Benedict XVI thus arrived in Israel not only as a pope committed to theological and spiritual fraternity with Judaism, but also one less instinctively hostile to concrete Israeli policies than many other Catholic leaders.
Perhaps the point was invisible to most of the Israeli public, but local Palestinian Christians actually complained before, and during, the trip that the pope was caving in to Israeli sensitivities at every turn — not travelling to Gaza, not protesting when the Israelis refused to allow the residents at Aida to erect the stage immediately below the wall, and not protesting when the Israelis closed down a Palestinian press center in East Jerusalem. Even his schedule reflected deference to Israeli sensibilities. Benedict made sure to fly out of Tel Aviv well before sundown on Friday, so as not to disrupt the Sabbath.
Most Israeli leaders seemed to recognize this, which is probably why they rushed to Benedict’s defense when the criticism began. At the inter-faith event in Nazareth, for example, Bahij Masour, who heads the religious affairs division of Israel’s Foreign Ministry, made a point of saying during his introduction that the pope “has clearly condemned anti-Semitism and denial of the Holocaust.” Certainly Israel’s President, Shimon Peres, went out of his way to be gracious to the pope, including hosting a lavish gala in his honor at the presidential palace in Jerusalem on Tuesday.
As Israelis sort through the images left behind by the pope’s trip, perhaps more of this will become clear.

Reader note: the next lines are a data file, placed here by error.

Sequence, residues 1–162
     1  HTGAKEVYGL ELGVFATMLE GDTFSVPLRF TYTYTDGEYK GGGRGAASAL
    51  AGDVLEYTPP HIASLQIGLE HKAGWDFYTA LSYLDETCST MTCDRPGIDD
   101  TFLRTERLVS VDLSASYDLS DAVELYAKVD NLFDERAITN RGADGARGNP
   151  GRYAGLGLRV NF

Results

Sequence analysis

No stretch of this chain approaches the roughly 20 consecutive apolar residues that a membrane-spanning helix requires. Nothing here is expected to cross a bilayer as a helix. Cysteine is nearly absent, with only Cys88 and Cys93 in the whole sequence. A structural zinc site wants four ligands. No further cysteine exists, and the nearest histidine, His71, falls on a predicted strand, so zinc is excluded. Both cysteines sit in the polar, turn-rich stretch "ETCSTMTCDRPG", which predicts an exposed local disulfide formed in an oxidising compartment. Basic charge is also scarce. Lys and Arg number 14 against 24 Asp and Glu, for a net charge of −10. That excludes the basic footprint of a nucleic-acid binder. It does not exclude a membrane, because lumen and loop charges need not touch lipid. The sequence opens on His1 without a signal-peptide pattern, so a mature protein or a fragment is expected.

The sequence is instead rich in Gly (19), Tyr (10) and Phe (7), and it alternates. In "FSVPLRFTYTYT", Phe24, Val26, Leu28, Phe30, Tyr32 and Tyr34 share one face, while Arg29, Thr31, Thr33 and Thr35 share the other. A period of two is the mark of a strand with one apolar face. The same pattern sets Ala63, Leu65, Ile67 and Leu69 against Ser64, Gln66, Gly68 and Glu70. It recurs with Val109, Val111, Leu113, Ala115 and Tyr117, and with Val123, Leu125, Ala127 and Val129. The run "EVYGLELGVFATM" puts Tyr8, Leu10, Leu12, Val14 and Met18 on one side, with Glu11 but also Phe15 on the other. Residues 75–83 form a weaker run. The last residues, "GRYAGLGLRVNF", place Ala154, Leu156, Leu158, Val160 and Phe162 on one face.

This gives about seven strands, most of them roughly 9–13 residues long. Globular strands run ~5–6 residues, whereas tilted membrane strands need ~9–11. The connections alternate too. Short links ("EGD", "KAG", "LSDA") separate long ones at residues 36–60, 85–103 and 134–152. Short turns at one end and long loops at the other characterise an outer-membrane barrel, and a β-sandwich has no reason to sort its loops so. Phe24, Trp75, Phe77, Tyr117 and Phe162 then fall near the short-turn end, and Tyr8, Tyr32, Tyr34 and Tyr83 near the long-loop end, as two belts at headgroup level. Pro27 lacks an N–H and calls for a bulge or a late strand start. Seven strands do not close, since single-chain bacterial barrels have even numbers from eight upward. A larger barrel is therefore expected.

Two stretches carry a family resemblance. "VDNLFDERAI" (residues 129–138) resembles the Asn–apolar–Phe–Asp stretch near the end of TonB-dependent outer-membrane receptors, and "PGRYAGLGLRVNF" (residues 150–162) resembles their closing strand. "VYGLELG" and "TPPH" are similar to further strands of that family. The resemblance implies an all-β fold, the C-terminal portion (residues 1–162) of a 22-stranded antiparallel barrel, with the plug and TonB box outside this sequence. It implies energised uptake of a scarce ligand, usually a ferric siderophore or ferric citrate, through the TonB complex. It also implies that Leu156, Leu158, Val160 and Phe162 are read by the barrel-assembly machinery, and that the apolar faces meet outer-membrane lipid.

Read the rest.
Commenting on the Pope Benedict XVI’s visit to the Holy Land, the president of Israel, Shimon Peres, said on Wednesday: “The entire message of the Pope is positive and could spark important reflection” (Catholic News Agency):
In an interview with L’Osservatore Romano, Peres said, in order to “have a clear idea of the message left by Benedict XVI,” it is “necessary to combine his discourse at the airport” in which he deplored anti-Semitism and encouraged Christians to promote peace, with “the one at Yad Vashem,” in which he reiterated the commitment to the Church to denounce all hatred.
Peres told the Vatican newspaper that there was no one better than the Pope to express rejection for any religion that justifies violence. He said the Holy Father’s strongest message was “perhaps his arrival speech. More than once the Pope has spoken of the role of the three monotheistic religions in the building of a lasting peace.”
Referring to the search for peace, Peres noted that a new trend is emerging in the Middle East. People are no longer “satisfied with bilateral agreements, but rather seek regional agreements for peace and peaceful coexistence with the understanding that modern democracy does not consist of the right to be equal, but in the equality of rights to be different; in which all prayers can reach heaven without interference or censure.”
- In Holy Land, pilgrim pope delivers religious, political challenges – A decent recap by John Thavis (Catholic News Service):
Pope Benedict XVI’s eight-day visit to the Holy Land was a biblical pilgrimage, an interfaith mission and a political balancing act all rolled into one.
It was also a gamble. In a region hardened by decades of conflict and simmering social and religious tensions, there was no guarantee of success.
The long-range verdict is yet to come on this “pilgrimage of peace,” but the pope certainly delivered a clear and challenging message to his diverse audiences in Jordan, Israel and the Palestinian territories May 8-15. That alone was an achievement. …